At the same time, it’s important not to be obsessive about weight and size, especially if you are at a reasonably healthy weight. A 2016 study found that women over age 50 who were categorised as normal weight, but were fluctuating on the weighing scale, were three times more likely to experience sudden cardiac death than those whose weight stayed the same.

Get moving

Adding even a small amount of movement to daily life has been repeatedly shown to be beneficial. Exercise works in various ways—not only does increased physical activity improve endurance, it also benefits muscle strength and balance, while reducing chances of fall injuries. Additionally, exercise stimulates the release of serotonin and dopamine, the feel-good hormones that protect against mental health disorders and improve long-term memory.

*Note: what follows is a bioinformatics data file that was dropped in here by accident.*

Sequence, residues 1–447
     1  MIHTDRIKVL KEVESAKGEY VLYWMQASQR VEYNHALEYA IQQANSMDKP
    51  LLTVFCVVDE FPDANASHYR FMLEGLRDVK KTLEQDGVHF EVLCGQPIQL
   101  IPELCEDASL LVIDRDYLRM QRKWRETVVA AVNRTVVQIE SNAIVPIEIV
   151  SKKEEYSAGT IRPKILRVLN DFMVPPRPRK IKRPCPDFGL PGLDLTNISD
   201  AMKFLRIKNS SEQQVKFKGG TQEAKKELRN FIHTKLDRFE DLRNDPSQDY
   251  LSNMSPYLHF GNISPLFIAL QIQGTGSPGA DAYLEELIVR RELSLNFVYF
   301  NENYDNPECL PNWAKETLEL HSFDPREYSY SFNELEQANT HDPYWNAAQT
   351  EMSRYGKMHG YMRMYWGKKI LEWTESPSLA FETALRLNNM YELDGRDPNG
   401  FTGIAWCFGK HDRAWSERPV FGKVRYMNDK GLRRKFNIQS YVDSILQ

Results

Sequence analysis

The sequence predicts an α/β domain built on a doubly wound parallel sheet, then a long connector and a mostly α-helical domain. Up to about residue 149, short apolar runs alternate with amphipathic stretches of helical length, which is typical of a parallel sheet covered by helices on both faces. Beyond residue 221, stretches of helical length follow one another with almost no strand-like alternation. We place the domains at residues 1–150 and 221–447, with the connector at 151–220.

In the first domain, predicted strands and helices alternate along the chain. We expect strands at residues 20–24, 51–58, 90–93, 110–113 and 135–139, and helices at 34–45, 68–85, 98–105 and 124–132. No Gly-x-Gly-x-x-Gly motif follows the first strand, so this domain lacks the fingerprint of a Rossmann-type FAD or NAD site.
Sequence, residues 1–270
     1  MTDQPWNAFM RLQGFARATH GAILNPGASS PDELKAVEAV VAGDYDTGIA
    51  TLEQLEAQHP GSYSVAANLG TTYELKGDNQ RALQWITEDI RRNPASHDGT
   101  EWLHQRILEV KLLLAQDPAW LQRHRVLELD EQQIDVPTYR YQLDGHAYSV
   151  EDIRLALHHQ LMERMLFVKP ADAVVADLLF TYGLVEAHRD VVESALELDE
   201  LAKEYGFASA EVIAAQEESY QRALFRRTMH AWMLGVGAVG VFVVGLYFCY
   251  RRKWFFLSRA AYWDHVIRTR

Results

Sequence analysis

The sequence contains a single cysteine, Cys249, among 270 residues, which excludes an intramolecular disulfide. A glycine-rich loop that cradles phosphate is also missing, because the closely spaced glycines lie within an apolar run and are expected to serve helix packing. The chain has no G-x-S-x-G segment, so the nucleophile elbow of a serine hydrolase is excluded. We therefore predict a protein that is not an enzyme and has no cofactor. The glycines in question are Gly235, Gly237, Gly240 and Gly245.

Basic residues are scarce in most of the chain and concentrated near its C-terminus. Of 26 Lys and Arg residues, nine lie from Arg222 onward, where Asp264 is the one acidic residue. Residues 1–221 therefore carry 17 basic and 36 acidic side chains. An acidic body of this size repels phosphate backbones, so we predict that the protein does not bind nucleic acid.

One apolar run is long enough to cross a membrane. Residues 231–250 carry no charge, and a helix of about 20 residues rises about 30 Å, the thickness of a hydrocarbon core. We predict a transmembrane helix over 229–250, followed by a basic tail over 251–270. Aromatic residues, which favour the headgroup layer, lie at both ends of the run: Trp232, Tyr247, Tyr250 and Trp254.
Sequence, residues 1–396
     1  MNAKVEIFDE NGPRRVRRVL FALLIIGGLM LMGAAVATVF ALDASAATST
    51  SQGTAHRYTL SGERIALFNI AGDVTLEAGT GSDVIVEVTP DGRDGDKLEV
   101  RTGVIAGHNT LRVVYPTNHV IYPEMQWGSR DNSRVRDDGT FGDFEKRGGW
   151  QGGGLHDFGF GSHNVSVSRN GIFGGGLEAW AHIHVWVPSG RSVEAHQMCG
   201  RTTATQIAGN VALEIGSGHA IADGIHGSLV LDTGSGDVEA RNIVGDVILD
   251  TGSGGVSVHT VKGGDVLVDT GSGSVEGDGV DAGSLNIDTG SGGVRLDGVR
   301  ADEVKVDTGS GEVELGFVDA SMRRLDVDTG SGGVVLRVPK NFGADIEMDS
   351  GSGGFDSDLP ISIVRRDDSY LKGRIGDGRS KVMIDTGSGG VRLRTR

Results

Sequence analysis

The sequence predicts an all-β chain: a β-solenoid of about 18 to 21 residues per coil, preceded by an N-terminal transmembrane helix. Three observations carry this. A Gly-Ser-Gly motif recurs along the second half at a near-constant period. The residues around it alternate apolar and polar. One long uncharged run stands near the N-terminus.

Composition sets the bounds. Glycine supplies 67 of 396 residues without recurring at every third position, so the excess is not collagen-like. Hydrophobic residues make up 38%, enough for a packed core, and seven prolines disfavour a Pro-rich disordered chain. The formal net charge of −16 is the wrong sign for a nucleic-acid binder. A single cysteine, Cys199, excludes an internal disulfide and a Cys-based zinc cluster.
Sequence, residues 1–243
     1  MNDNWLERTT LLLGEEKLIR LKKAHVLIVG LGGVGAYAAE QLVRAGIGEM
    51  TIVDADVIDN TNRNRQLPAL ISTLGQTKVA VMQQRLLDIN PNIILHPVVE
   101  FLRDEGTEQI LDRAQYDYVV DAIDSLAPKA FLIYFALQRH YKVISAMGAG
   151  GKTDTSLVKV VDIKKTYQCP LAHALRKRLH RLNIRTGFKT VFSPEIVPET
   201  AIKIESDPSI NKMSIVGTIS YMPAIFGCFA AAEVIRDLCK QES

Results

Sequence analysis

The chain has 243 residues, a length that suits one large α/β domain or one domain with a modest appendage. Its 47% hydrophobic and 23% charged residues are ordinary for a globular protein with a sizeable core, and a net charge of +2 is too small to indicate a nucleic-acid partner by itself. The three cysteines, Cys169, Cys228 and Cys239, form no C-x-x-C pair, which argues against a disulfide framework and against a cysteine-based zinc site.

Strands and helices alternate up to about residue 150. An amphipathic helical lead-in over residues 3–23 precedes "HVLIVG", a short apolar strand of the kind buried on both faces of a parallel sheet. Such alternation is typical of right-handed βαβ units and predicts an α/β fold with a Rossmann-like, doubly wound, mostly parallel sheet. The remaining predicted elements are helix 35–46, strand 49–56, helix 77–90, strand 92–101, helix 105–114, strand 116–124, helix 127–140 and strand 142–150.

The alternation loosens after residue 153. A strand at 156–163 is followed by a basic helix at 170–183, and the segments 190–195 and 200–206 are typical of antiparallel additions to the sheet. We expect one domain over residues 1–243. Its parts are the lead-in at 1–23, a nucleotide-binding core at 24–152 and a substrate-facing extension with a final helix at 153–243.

So, exactly how much exercise is good enough? “Regular brisk walking for 3-5 km or 40 minutes to one hour can prevent diabetes, cholesterol, obesity and hypertension, besides increasing bone density,” says Natarajan. “Further, it also prevents constipation and helps induce sound sleep.” 

A 2016 study found that silvers who exercised for just 15 minutes a day, at an intensity level of a brisk walk, had a 22 per cent lower risk of premature death compared to those who did not exercise. Researchers from McMaster University in Canada found that even breaking a sweat for just 60 seconds may be enough to improve health and fitness, as long as it’s a tough workout.

Staying passionate, positive and principled